Stephen Hursting, PhD, MPH


Professor, Nutrition
is interested in diet-gene interactions relevant to cancer prevention, particularly the molecular and hormonal mechanisms underlying energy balance-cancer associations.

Dr. Hursting earned a BA in biology from Earlham College and a PhD in nutritional biochemistry and an MPH in nutritional epidemiology from the University of North Carolina at Chapel Hill. He also completed postdoctoral training in molecular biology and cancer prevention as a Cancer Prevention Fellow at the National Cancer Institute (NCI). From 1995 to 1999, Dr. Hursting was an Assistant Professor in the Departments of Epidemiology and Carcinogenesis at the University of Texas MD Anderson Cancer Center, where he directed a multidisciplinary research program in nutrition and cancer prevention. He continues his affiliation with his former departments at the MD Anderson Cancer Center as a Professor of Carcinogenesis and Adjunct Associate Professor of Epidemiology.

From 1999-2005, Dr. Hursting was Deputy Director of the NCI’s Office of Preventive Oncology, Division of Cancer Prevention. He was responsible for all aspects of the NCI’s Cancer Prevention Fellowship Program. Dr. Hursting was also an Investigator in the NCI’s Center for Cancer Research, where he was Chief of the Nutrition and Molecular Carcinogenesis Section of the NCI’s Laboratory of Biosystems and Cancer. His research program focuses on the nutritional modulation of the carcinogenesis process, with a particular emphasis on the molecular, cellular and hormonal changes underlying important nutrition and cancer associations, with a focus on energy balance/obesity.

 

 


 

 Research Team

Jody Albright : <h4>Research Technician, Hursting Lab</h4>

Jody Albright

Research Technician, Hursting Lab

jodyalb@email.unc.edu
704-250-5049

Jody Albright, a former business owner from Salisbury, is a 2011 graduate of Rowan-Cabarrus Comunity College with AS and AAS in Biotechnology degrees. He has recently joined the NRI in Dr. Bennett's lab as a laboratory technician. Jody is excited to use his recent education to develop several new protocols for the laboratory .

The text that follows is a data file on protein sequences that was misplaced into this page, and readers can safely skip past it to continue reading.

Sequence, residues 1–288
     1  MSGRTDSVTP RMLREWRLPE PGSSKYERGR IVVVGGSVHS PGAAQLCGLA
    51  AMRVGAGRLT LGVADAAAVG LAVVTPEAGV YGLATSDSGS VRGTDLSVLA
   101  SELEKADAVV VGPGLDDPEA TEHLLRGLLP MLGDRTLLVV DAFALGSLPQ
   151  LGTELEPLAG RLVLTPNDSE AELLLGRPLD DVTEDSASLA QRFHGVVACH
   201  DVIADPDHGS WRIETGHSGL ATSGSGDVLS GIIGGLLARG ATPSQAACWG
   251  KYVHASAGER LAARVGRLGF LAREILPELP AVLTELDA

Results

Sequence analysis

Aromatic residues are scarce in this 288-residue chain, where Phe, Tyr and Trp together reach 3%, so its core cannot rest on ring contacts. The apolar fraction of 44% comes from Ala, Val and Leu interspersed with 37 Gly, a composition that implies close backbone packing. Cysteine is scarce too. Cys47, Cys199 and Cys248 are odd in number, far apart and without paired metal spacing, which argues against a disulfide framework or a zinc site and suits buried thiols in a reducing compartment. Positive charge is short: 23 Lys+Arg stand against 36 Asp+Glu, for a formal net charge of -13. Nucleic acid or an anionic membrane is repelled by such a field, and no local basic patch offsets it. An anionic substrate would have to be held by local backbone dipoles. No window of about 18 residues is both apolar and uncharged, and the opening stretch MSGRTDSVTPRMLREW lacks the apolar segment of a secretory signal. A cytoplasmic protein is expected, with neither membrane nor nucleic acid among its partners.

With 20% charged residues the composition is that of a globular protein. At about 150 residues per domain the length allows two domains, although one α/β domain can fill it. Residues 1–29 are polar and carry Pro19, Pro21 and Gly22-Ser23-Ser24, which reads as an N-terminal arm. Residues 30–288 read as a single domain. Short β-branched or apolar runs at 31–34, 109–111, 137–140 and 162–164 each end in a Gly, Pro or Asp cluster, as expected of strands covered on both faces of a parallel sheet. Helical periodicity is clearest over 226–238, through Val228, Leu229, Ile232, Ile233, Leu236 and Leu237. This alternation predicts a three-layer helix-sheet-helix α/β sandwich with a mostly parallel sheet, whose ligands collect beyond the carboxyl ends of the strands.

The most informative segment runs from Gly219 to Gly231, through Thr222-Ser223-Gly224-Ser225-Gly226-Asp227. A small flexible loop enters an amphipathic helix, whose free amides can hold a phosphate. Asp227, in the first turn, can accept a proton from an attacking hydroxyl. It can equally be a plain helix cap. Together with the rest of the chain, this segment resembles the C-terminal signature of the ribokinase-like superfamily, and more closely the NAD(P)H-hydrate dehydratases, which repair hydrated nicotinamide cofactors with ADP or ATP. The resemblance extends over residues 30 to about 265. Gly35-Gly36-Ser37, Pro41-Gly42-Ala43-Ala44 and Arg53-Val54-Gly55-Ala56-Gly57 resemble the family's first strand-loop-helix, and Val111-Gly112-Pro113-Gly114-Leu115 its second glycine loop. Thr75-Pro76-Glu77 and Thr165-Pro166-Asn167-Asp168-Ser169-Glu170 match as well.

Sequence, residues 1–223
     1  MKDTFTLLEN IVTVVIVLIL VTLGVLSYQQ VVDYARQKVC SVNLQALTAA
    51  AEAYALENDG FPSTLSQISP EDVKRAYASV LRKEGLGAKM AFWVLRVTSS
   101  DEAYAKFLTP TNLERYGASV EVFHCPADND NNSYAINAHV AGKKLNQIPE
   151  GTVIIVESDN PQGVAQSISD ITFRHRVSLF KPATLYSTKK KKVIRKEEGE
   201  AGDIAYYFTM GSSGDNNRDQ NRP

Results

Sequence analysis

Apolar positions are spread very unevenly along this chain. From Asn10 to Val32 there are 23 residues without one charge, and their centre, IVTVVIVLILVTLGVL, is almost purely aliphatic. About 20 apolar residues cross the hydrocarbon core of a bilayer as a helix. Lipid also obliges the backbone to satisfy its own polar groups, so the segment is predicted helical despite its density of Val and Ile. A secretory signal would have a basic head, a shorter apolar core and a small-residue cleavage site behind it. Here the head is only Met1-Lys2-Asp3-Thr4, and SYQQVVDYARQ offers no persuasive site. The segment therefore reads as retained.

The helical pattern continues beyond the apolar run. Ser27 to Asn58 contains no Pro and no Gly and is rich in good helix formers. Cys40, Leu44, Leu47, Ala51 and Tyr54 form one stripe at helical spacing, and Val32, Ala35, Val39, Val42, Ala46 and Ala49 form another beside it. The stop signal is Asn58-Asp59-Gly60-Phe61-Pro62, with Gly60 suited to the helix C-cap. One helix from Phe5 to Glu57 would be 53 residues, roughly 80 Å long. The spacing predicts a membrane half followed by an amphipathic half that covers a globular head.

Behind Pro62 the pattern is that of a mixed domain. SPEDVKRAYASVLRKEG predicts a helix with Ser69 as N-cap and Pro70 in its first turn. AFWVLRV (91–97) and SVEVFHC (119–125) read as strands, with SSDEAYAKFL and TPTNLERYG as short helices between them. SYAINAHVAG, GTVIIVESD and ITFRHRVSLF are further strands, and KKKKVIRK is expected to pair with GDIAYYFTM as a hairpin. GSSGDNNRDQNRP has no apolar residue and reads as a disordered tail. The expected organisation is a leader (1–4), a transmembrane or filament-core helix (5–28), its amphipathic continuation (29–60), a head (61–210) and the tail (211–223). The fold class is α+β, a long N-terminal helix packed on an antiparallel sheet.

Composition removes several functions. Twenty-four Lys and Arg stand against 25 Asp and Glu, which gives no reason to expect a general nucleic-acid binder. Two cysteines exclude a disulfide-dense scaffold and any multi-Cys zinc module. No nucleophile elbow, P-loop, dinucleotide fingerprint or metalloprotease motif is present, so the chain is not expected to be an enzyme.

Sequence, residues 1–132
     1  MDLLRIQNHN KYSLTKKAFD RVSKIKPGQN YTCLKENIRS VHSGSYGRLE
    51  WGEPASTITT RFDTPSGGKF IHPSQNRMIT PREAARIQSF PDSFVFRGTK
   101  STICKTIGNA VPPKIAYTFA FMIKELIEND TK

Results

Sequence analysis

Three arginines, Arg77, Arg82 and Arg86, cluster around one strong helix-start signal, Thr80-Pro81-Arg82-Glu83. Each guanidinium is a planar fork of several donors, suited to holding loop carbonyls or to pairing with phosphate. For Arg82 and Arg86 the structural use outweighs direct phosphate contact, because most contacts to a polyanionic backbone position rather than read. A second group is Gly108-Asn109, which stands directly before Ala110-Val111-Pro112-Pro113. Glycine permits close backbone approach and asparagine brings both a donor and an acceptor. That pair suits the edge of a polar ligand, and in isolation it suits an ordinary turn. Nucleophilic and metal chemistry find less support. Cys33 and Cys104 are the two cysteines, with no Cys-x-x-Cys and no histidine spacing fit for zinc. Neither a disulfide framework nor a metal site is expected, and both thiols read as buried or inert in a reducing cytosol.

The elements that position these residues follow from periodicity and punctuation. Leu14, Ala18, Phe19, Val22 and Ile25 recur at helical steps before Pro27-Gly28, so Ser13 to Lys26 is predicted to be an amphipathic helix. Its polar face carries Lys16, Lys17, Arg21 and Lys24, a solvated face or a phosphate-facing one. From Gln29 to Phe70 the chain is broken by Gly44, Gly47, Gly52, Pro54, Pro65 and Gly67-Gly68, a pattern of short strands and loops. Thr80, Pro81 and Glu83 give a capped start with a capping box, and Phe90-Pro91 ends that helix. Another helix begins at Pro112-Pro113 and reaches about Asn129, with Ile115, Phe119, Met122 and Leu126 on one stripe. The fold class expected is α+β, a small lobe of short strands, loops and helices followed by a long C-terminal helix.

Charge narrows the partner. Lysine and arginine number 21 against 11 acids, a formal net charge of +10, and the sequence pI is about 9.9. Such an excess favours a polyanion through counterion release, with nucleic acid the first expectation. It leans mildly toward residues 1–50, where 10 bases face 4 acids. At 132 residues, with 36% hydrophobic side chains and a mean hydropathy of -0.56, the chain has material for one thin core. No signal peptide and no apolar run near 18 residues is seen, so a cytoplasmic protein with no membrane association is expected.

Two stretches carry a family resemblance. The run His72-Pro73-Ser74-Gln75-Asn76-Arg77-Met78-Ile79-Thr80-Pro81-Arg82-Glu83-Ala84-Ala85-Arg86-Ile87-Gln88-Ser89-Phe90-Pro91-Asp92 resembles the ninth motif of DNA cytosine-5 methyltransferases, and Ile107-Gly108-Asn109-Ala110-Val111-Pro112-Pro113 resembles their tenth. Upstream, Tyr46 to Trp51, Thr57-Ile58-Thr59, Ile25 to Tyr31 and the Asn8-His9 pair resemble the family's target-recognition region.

Michael Coleman, PhD : <h4>Postdoctoral Research Assistant, Hursting Lab</h4>

Michael Coleman, PhD

Postdoctoral Research Assistant, Hursting Lab

mcoleman@unc.edu
704-250-5059

Michael Coleman joined the NRI in the Hursting Lab in the summer of 2017. He completed his PhD in 2017 under the supervision of Prof. Rosemary O'Connor in University College Cork in Ireland.  His thesis work examined the role of an IGF-1 regulated mitochondrial protein, Pyrimidine Nucleotide Carrier 1 (PNC1), and mitochondrial homeostasis in cancer.  Michael joined Dr. Steven Hursting's group at the NRI working on the connection between obesity and cancer.



Salvador Fabela, PhD : <h4>Postdoctoral Research Assistant, Meyer Lab</h4>

Salvador Fabela, PhD

Postdoctoral Research Assistant, Meyer Lab

salvador_fabela@unc.edu
704-250-5044

Salvador joined the NRI in the summer of 2017 as a postdoctoral research assistant in the Meyer Lab. He earned his PhD in Biomedical Sciences from the National Autonomous University of Mexico (UNAM), focused on bacterial genetics and molecular biology. He then landed a postdoc at UNC-Chapel hill where he analyzed the changes in the gut microbiota exerted by prebiotics in aged mice and its beneficial health effects. He is currently focused on how dietary interventions modify the gut microbiome and metabolism in humans.



Melissa VerHague, PhD : <h4>Research Associate, Hursting Lab</h4>

Melissa VerHague, PhD

Research Associate, Hursting Lab

melissa_verhague@unc.edu
704-250-5049

Melissa VerHague earned her PhD in molecular pathology from Wake Forest University. Her dissertation investigated the impact of apolipoprotein A-IV on triglyceride secretion and lipoprotein particle expansion associated with hepatic steatosis. A native of Buffalo, NY, she joined the NRI as a postdoctoral research associate in September of 2014. Her primary research focus is understanding the role of CD44 in atherosclerosis and metabolic syndrome.